Ordinary Time

The flurry of donations and volunteers has subsided. Christmas and the New Year are past; so is Martin Luther King Day. We have settled in for the long haul months of cold, rain (snow?) from now until at least the end of March.

The Church’s liturgical calendar calls this season until Lent comes, “Ordinary time.” The Sunday readings let go of Christmas themes and return to stories of Jesus’ daily teaching and healing, and his challenge to the way things are with his vision of God’s Kingdom, the way things ought to be.

The liturgical color for vestments during this time is green, a symbol for growth and hope. This symbol stands resolute in this time of struggle. I look at our culture, our politics, and our economy. “Making America Great Again” is taking us backwards to a time of even more overt racism, hatred and fear of people seeking asylum, and the shredding of even the limited and fragile safety nets for people in poverty. For my belief in growth and hope to not be Pollyannaish, I must seriously reckon with despair.

As I sat in the kitchen on a recent morning, listening to the coffee percolate, I could hear someone on the front porch, coughing. The cough was persist. I know that in this time of year colds, and flu, and for some guests, bronchitis and pneumonia, will come more easily. Immune systems already weak are further stressed by the cold.  People on the streets in ordinary time go back to being villainized or ignored. The Christmas turkeys are all gone.

Guests come into the warmth of Manna House, and in the midst of conversation and names being called for showers and socks and hygiene, they fall asleep on the couches and chairs. The cold weather saps energy, and some walk the night unable to sleep because of the cold. In ordinary time there is no affordable housing, and few shelter spaces, and even fewer (only Room in the Inn), that are free.

On Monday of this week, even Manna House had no heat. Our furnace went out again. While we waited for the repair man the house was warmed by a few space heaters, and a lot of bodies. Together they put a dent into the twenty degree weather, raising the house temperature to about forty.
“It’s better than outside,” one hopeful guest offered.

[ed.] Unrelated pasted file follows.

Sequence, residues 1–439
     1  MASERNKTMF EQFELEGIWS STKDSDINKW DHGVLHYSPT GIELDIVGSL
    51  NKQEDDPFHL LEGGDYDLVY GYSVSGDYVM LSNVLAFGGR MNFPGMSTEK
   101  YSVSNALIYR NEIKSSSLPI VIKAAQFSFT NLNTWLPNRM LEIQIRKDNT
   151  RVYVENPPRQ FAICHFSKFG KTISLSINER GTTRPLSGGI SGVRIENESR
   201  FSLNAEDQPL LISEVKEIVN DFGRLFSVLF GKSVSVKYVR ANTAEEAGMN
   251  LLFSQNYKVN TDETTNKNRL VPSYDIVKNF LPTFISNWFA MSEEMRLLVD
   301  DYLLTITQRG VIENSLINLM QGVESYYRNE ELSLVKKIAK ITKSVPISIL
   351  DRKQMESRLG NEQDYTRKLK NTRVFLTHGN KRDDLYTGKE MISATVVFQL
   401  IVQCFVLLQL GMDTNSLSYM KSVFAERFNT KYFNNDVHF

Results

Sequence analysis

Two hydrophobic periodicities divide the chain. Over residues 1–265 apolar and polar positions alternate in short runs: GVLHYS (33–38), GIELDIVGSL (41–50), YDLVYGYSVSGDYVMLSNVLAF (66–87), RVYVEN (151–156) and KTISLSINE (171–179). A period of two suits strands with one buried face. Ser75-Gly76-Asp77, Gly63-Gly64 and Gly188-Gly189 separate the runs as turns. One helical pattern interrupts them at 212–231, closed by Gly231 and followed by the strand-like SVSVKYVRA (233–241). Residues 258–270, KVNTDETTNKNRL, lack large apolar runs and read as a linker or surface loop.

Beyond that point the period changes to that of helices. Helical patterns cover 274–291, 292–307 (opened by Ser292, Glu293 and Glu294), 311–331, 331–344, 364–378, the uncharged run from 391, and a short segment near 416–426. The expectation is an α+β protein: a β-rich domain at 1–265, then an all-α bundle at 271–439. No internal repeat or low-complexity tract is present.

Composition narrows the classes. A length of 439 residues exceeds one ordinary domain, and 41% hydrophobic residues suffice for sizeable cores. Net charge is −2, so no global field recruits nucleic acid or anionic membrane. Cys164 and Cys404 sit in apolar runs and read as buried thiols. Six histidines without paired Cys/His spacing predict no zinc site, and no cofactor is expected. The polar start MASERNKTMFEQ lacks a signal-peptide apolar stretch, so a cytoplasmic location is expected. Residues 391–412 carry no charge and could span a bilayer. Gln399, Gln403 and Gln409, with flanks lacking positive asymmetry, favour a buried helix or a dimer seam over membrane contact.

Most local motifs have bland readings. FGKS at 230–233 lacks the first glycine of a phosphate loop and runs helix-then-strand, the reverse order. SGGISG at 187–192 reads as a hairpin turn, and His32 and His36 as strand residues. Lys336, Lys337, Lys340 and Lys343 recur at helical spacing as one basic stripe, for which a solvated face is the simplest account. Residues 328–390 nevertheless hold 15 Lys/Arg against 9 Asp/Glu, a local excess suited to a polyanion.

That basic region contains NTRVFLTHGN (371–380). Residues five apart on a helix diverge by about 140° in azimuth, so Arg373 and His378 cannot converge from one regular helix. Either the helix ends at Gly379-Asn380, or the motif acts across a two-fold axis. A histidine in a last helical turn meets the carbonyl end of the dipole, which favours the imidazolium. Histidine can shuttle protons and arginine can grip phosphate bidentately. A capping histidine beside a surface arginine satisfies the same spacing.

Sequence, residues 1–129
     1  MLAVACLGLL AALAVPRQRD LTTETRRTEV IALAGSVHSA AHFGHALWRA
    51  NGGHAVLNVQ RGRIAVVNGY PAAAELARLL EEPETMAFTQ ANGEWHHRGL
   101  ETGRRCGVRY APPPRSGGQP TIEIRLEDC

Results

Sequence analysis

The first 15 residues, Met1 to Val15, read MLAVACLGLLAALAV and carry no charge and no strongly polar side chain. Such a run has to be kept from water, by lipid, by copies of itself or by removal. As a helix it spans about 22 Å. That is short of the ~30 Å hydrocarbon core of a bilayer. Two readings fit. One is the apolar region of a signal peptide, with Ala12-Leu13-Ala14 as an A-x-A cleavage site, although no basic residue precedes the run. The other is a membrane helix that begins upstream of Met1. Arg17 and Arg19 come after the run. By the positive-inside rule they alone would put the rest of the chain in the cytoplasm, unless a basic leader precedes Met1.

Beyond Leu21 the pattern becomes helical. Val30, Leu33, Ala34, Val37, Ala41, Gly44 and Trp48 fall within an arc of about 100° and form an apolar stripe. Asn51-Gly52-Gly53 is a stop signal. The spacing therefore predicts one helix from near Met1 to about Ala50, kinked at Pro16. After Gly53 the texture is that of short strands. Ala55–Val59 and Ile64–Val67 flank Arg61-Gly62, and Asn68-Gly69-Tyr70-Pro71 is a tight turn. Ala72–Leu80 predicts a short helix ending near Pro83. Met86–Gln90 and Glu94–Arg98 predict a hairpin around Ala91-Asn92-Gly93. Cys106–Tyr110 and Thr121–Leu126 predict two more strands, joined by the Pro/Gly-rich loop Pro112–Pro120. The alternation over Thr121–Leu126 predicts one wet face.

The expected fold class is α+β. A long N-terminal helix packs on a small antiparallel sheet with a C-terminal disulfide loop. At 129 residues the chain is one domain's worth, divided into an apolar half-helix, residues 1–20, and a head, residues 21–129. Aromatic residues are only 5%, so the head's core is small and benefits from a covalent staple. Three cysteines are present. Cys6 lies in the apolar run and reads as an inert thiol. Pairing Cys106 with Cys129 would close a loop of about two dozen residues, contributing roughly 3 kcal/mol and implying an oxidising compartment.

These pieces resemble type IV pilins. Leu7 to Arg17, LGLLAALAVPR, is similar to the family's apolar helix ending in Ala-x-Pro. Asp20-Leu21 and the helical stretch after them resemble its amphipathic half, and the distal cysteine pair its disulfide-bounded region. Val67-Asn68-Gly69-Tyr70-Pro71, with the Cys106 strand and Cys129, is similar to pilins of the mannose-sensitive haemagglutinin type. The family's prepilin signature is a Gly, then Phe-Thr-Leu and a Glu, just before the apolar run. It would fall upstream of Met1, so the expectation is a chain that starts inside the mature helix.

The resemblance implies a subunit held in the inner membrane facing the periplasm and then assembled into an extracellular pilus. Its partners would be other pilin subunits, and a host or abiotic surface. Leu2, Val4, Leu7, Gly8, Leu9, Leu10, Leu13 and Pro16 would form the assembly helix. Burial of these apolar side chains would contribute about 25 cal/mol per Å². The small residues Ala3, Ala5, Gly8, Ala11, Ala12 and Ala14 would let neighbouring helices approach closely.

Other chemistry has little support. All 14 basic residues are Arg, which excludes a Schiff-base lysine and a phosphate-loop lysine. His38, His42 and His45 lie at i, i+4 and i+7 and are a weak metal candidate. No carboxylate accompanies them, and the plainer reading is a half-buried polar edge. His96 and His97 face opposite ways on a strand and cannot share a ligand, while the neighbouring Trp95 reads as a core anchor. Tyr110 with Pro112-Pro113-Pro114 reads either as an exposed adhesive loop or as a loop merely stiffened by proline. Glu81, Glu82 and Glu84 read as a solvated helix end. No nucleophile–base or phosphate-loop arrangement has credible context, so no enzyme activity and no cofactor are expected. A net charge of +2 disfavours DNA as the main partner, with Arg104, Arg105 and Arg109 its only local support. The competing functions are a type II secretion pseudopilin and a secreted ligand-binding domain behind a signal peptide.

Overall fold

Ordinary time.

A few minutes later a guest made a request for something we do not offer, so I said “no.”

“That’s my first rejection of the day,” he said, “I was waiting for it.”

Ordinary time.

One of our very mentally ill guests told me, “I really like your jokes. I’ve been laughing since last week about the guy who walked into a bar with jumper cables around his neck and the bartender said, ‘You can come in, but you’d better not start anything.’”

Ordinary time.

I had come across a Bible verse earlier that I shared with guests as “The Word of the Day.” It sounded familiar, like it was from a song. “The steadfast love of the Lord never ceases, God’s mercies never come to an end; they are new every morning; great is your faithfulness” (Lamentations 3:22–3:23). When I shared the Bible passage one guest started to sing,

Great is Thy faithfulness, O God my Father;
There is no shadow of turning with Thee,
Thou changest not, Thy compassions they fail not,
As Thou hast been, Thou forever wilt be.

God is present. God hangs in there in ordinary time. The singing guest did not know the rest of the song, so we looked up the remaining verses.

Summer and winter and springtime and harvest,
Sun, moon, and stars in their courses above;
Join with all nature in manifold witness,
To Thy great faithfulness, mercy, and love.

Pardon for sin and a peace that endureth,
Thine own dear presence to cheer and to guide;
Strength for today, and bright hope for tomorrow
Blessings all mine, with ten thousand beside.

Great is Thy faithfulness. Not a bad song for ordinary time.

A guest came in from the cold as the last verse was read.

“Good morning,” I said and then asked, “How you doing?”

“Ain’t locked up. Ain’t covered up. Doing fine.”

Ordinary time.


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